The top of the Razer Kishi V2 mobile game controller.

The expandable bridge connecting the controllers is 1 1/2-inches wide, just over 3 3/4-inches in length, and 3/8-inch thick. Fully extended, you’re looking at about 7 1/2 inches of bridge for your device, so you should be able to attach almost any USB-C Android smartphone to the Razer Kishi V2. Razer recommends a maximum phone length of 170mm (6.69 inches), likely for stability. On either side of the bridge, nestled into the side of the controller is a textured rubber pad. The left one has a cutout for camera bumps. Both pads are removable and a thinner, smoother one is included for thicker phones and phone cases. A USB-C connector is on the right side as well, for docking into your smartphone’s USB-C port.

Unlike the original Kishi, the width of your phone isn’t of concern anymore due to the new design. I mainly used the Razer Kishi V2 mobile game controller for Android with the larger REDMAGIC PRO 7 (review coming soon) with the thinner pads. Unfortunately, it didn’t work with the case but being an easy case to remove, it wasn’t the biggest deal. Being a larger phone, I was impressed with how solid and sturdy it felt within the case. On the other hand, I was able to use the controller with a Pixel 5 and the Google Fabric Case, as well as the TCL 10 Pro with its included case and both those devices felt just as solid as the larger one did.

The top edges of each controller are where you’ll find a trigger, bumper, and programmable multi-function button. Finally, the grips are slightly textured, giving the controller a less slippery feeling.

As for dimensions, the Kishi V2 is about the same height and thickness as the original — 3.62 and 1.33 inches respectively — but is a bit wider when collapsed at 7.11 inches.

From a design standpoint, the Razer Kishi V2 is a major improvement above the original version. Not only is it more stable, but it can accommodate way more Android devices with its new bridge design.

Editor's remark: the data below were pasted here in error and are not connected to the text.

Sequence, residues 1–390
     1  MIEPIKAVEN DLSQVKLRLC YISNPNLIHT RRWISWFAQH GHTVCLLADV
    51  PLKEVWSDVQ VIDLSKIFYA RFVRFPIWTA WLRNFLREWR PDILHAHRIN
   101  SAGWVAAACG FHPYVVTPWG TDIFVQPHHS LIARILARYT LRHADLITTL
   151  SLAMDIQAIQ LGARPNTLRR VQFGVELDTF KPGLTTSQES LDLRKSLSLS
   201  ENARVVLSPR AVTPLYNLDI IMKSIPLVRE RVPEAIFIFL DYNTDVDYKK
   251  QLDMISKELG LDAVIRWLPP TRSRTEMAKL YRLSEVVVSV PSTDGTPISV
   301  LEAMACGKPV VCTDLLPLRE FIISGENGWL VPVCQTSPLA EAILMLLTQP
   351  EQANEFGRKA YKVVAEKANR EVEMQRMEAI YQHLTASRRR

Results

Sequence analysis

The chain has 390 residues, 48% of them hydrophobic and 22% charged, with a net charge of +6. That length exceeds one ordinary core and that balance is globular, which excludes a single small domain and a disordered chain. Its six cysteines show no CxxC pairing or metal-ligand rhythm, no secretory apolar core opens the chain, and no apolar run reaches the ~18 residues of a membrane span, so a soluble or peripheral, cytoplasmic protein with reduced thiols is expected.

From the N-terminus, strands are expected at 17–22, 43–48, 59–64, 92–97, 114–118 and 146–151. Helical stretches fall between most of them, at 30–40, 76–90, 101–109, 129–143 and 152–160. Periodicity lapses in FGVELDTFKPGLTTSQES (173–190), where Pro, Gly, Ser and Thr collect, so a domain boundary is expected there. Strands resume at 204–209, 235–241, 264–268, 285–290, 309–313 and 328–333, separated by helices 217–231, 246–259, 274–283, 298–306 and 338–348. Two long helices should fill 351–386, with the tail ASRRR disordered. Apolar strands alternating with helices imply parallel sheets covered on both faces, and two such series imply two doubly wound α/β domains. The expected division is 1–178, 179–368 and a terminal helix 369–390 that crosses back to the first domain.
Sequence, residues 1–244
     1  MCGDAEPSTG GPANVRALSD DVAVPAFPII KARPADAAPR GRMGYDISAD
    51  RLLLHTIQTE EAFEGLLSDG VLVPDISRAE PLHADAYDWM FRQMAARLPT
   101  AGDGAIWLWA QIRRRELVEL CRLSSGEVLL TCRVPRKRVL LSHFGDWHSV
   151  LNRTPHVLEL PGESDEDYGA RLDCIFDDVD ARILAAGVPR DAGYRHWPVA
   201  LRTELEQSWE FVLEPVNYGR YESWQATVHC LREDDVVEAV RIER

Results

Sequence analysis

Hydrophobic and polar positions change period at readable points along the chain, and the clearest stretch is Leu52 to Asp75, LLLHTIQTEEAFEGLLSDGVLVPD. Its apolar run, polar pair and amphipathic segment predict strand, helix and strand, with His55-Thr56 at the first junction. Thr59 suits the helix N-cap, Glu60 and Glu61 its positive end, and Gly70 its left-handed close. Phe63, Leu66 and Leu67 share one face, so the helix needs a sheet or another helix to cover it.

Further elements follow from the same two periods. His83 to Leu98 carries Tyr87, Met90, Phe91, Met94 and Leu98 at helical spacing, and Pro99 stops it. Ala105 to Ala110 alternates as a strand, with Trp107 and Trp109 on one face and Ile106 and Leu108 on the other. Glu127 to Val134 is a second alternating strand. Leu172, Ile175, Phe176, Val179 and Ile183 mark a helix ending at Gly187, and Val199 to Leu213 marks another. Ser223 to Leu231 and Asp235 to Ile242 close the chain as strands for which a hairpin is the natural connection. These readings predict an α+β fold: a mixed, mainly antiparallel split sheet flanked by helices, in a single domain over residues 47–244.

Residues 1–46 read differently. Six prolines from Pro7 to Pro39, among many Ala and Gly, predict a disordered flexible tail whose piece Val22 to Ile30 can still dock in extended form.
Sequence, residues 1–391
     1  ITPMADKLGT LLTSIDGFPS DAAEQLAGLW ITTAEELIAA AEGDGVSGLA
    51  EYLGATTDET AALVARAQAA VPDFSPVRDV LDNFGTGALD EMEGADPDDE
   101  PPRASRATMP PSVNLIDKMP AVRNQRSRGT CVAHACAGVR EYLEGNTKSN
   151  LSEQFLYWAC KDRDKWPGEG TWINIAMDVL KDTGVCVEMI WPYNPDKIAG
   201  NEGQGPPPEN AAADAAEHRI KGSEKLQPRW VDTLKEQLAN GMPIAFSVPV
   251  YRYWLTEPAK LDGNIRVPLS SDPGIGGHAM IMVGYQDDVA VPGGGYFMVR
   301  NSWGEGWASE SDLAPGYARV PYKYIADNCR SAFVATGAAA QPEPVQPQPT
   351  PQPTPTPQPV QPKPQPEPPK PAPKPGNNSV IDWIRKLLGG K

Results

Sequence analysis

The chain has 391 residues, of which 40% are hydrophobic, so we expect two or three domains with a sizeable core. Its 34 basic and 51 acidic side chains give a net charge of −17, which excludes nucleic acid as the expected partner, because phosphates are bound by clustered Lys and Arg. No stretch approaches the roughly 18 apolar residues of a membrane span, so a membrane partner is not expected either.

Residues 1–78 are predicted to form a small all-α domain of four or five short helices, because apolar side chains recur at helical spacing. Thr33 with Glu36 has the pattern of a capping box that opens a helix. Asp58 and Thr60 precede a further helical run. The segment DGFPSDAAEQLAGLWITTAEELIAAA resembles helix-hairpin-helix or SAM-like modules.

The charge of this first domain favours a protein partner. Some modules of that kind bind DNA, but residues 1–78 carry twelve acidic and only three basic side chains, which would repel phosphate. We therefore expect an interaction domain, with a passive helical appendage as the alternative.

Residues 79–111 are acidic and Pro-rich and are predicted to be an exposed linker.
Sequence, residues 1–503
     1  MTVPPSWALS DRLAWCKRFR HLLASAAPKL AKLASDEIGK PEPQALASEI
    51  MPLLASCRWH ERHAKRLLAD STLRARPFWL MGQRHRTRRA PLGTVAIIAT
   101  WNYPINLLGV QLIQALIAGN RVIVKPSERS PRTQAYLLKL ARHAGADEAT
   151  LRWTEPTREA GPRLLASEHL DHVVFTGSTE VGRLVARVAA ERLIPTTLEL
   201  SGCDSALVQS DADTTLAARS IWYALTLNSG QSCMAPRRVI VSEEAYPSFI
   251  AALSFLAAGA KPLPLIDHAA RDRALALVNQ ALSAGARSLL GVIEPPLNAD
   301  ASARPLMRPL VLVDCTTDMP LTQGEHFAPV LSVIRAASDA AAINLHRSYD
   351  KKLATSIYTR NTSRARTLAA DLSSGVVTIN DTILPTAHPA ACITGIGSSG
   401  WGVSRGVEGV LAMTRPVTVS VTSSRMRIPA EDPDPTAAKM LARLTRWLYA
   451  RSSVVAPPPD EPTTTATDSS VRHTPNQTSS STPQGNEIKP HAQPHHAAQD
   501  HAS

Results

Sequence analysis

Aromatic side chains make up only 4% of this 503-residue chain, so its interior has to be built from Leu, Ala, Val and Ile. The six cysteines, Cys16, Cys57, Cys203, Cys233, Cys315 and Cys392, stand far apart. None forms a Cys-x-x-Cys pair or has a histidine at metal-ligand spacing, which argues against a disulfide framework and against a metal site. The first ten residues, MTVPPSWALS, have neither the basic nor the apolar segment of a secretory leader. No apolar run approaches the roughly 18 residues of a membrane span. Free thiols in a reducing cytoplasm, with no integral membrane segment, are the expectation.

Ease of Use

To use the Razer Kishi V2, slide the top of your phone under the lip on the left hand side and push outwards. Once the bridge expands past the bottom of your phone, drop it in and let the controller contract until the USB-C connector is connected to your smartphone’s USB-C port. The status LED will flash briefly to show it’s connected and you should be able to fire up your favourite mobile game and start playing. If it doesn’t, try removing your phone case as it may be preventing a proper USB-C connection.

The Razer Kishi V2 mobile game controller with the REDMAGIC PRO 7 gaming smartphone
The Razer Kishi V2 mobile game controller with the REDMAGIC PRO 7 gaming smartphone.

The M1 button is mapped to X and the M2 button is mapped to A by default. You can change those mappings with the new Razer Nexus app, which I’ll get to in the next section.

When you’re done playing, hold the bottom edges of your phone with one hand, pull on the right controller, and your phone will come free, allowing you to remove it and return the Kishi V2 to its closed state.


With the Kishi V2, Razer has debuted a new app: Razer Nexus. It is meant to be a gaming hub for your mobile gaming experience. While a solid idea, other companies do a better job with their gaming hub app, like REDMAGIC.

At any rate, the Razer Nexus app is pretty basic. Upon launching manually or with the dedicated Razer Nexus button on the controller, the main screen shows large, blurred, square tiles of your installed games. If any are missing, like Game Pass was, you can easily add them. Scrolling down will give you suggestions for other games you can play. Oddly, these tiles are rectangular and have a higher resolution than the installed game tiles across the top.

Screenshots of the Razer Nexus Android app showing the homescreen and remap settings
Screenshots of the Razer Nexus Android app showing the homescreen and remap settings.

Two buttons in the upper right corner overlay the homescreen as you scroll around. The first is a streaming button, allowing you to easily cast to YouTube or Facebook Live while gaming. The second is a hamburger menu icon. Tapping it takes you into the settings. On the settings screen, you can connect your Facebook Live or YouTube accounts for streaming, remap the M1/M2 buttons to ABXY, direction, L1, L3, R1, R3, or disable it altogether. Unfortunately, you can only remap those two buttons and not any of the others. You can also check and presumably update the firmware, access customer support and provide feedback.

When streaming, the Razer Nexus app casts the entire screen and not just the game you are playing. As such, you’ll have to keep that in mind if you start to scroll through notifications or other settings on your device while streaming. I thought the share button would quick toggle streaming but unfortunately, you have to launch the Nexus app, tap the streaming button, and go back to your game. When streaming to YouTube, I found that there was about a 20-second delay and I was limited to a 720p resolution even though the device I was using has an FHD+ screen. There didn’t seem to be any way to change this in the settings, maybe in a future update.